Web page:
For the music director, to be accompanied by stringed instruments; a psalm of David.
4:1 When I call out, answer me,
O God who vindicates me! 2
Though I am hemmed in, you will lead me into a wide, open place. 3
and search for what is deceptive? 10 (Selah)
the Lord responds 13 when I cry out to him.
Meditate as you lie in bed, and repent of your ways! 15 (Selah)
and trust in the Lord! 17
4:6 Many say, “Who can show us anything good?”
Smile upon us, Lord! 18
than those who have abundant grain and wine. 20
for you, Lord, make me safe and secure. 22
For the music director, to be accompanied by wind instruments; 24 a psalm of David.
Carefully consider my complaint! 26
1 sn Psalm 4. The psalmist asks God to hear his prayer, expresses his confidence that the Lord will intervene, and urges his enemies to change their ways and place their trust in God. He concludes with another prayer for divine intervention and again affirms his absolute confidence in God’s protection.
2 tn Heb “God of my righteousness.”
3 tn Heb “in distress (or “a narrow place”) you make (a place) large for me.” The function of the Hebrew perfect verbal form here is uncertain. The translation above assumes that the psalmist is expressing his certitude and confidence that God will intervene. The psalmist is so confident of God’s positive response to his prayer, he can describe God’s deliverance as if it had already happened. Such confidence is consistent with the mood of the psalm (vv. 3, 8). Another option is to take the perfects as precative, expressing a wish or request (“lead me”). See IBHS 494-95 §30.5.4c, d. However, not all grammarians are convinced that the perfect is used as a precative in biblical Hebrew.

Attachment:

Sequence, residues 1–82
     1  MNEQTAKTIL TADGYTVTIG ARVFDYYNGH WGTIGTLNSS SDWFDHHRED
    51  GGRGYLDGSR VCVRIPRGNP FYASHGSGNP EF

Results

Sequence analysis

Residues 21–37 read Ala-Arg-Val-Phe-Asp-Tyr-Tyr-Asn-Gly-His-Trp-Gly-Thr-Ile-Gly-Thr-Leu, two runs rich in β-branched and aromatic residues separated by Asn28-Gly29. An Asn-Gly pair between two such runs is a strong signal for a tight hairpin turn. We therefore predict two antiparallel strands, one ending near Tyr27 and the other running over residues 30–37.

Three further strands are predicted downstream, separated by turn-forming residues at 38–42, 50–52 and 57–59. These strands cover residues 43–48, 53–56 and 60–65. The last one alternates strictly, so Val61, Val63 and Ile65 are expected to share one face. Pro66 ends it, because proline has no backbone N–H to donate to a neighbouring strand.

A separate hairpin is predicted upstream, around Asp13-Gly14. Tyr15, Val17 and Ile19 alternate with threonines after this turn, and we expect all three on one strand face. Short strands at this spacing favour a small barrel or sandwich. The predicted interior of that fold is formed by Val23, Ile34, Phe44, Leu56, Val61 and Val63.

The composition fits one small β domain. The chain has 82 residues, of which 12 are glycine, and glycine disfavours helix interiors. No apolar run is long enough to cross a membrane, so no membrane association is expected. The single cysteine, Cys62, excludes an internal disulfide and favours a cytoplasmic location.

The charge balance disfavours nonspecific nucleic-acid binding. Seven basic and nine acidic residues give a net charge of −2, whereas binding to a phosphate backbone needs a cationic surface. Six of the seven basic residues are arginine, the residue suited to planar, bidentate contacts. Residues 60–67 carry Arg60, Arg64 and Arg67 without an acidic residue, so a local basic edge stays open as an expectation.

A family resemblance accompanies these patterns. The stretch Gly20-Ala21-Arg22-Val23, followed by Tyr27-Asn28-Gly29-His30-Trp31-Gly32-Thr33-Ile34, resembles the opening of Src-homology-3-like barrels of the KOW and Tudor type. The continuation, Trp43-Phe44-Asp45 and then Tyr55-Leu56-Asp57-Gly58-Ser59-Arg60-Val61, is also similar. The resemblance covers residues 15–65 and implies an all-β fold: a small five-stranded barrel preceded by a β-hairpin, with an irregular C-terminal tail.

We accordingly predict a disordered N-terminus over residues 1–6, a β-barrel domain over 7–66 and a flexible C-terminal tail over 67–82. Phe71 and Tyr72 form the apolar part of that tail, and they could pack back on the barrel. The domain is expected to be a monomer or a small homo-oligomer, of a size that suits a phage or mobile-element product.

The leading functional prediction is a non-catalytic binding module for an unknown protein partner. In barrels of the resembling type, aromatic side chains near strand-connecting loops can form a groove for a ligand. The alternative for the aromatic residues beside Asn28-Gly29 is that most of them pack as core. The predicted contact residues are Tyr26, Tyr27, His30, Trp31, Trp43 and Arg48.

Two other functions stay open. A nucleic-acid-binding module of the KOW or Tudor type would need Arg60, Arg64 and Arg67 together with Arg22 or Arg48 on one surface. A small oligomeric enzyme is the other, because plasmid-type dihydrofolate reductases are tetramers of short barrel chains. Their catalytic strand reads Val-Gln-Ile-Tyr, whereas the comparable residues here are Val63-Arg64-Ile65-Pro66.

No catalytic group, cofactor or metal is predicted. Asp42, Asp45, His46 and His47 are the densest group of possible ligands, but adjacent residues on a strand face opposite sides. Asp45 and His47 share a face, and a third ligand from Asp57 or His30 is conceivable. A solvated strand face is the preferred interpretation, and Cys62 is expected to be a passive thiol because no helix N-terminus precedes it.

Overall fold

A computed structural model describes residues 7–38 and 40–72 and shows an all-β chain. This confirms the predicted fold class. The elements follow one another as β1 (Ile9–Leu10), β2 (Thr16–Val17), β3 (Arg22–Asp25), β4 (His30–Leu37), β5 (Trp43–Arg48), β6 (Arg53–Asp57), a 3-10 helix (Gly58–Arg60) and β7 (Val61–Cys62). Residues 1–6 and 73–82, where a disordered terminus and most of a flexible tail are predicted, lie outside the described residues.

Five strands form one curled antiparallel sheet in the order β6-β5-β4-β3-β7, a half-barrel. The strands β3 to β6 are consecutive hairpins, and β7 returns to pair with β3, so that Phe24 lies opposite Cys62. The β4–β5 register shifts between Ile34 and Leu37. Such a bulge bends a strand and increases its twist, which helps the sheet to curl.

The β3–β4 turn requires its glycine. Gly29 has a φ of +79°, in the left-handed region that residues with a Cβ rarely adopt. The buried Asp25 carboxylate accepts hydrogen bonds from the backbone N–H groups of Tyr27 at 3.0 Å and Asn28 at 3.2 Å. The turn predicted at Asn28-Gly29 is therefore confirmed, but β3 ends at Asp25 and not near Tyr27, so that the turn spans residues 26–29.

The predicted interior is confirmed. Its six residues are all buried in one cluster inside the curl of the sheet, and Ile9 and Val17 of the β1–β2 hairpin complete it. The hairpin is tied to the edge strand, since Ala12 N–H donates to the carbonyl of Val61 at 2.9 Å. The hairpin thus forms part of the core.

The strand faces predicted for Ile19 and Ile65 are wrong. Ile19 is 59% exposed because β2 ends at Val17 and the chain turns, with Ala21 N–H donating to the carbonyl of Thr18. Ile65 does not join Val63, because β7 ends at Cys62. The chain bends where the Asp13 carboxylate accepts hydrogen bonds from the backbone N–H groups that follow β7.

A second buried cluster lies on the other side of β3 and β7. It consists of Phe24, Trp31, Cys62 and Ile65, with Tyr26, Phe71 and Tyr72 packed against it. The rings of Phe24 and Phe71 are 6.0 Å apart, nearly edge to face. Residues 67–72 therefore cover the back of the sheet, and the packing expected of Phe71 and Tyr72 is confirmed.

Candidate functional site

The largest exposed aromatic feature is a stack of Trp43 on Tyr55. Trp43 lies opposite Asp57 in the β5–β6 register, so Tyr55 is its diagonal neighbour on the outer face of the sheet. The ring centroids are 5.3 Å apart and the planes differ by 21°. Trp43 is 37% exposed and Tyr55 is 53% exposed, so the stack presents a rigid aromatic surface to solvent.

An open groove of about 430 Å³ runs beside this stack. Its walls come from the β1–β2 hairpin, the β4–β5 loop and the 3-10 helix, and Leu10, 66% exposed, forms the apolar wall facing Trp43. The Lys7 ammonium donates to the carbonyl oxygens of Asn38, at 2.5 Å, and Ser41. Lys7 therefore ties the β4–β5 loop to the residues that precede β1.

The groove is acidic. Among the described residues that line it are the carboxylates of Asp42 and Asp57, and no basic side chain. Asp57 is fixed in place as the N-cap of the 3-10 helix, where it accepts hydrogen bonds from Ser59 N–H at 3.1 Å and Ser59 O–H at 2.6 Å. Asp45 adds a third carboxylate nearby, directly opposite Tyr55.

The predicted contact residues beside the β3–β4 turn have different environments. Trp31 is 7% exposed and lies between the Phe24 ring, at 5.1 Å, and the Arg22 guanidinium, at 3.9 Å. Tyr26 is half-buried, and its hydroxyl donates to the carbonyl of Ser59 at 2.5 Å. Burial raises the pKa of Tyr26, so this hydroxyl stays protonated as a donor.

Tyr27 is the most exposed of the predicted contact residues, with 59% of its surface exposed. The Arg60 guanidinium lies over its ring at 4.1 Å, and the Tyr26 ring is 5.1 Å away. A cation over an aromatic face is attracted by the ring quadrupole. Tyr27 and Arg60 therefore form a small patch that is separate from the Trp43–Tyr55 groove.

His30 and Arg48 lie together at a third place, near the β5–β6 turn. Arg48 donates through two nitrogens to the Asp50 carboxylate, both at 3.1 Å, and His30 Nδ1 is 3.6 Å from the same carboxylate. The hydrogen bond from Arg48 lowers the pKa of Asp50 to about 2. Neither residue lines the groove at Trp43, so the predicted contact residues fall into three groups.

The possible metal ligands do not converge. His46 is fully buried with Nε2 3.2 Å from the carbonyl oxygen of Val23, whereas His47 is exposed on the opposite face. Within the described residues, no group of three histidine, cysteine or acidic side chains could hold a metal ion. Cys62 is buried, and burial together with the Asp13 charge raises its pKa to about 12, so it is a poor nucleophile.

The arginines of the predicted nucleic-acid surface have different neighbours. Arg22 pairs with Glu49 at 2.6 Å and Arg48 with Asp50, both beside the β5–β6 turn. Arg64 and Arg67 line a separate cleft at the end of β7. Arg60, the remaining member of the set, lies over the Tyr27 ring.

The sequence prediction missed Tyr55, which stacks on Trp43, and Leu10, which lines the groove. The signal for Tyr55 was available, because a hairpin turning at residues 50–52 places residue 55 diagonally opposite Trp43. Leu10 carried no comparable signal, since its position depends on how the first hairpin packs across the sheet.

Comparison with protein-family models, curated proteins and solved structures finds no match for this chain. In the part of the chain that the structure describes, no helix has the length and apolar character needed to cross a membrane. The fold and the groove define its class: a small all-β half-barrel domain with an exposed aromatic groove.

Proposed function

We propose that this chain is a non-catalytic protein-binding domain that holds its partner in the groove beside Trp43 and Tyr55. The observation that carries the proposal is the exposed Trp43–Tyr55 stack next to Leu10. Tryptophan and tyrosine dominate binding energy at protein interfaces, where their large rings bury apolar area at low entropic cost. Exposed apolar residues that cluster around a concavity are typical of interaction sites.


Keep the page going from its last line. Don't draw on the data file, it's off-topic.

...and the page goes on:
4 tn Or “show me favor.”
5 tn Heb “hear.”
6 tn Heb “sons of man.”
7 tn Heb “how long my honor to shame?”
8 tn The interrogative construction עַד־מֶה (’ad-meh, “how long?”), is understood by ellipsis in the second line.
9 tn Heb “emptiness.”
10 tn Heb “a lie.” Some see the metonymic language of v. 2b (“emptiness, lie”) as referring to idols or false gods. However, there is no solid immediate contextual evidence for such an interpretation. It is more likely that the psalmist addresses those who threaten him (see v. 1) and refers in a general way to their sinful lifestyle. (See R. Mosis, TDOT 7:121.) The two terms allude to the fact that sinful behavior is ultimately fruitless and self-destructive.
11 tn Heb “and know that.”
12 tn Heb “that the
13 tn Heb “hears.”
14 sn The psalmist warns his enemies that they need to tremble with fear before God and repudiate their sinful ways.
15 tn Heb “say in your heart(s) on your bed(s) and wail/lament.” The verb דֹמּוּ (dommu) is understood as a form of דָמָם (“wail, lament”) in sorrow and repentance. Another option is to take the verb from II דָמָם (damam, “be quiet”); cf. NIV, NRSV “be silent.”
17 sn Trust in the
18 tn Heb “lift up upon us the light of your face,
sn Smile upon us. Though many are discouraged, the psalmist asks the Lord to intervene and transform the situation.
19 tn Heb “you place joy in my heart.” Another option is to understand the perfect verbal form as indicating certitude, “you will make me happier.”
20 tn Heb “from (i.e., more than) the time (when) their grain and their wine are abundant.”
21 tn Heb “in peace at the same time I will lie down and sleep.”
22 tn Heb “for you,
24 tn The meaning of the Hebrew word נְחִילוֹת (nÿkhilot), which occurs only here, is uncertain. Many relate the form to חָלִיל (khalil, “flute”).
25 tn Heb “my words.”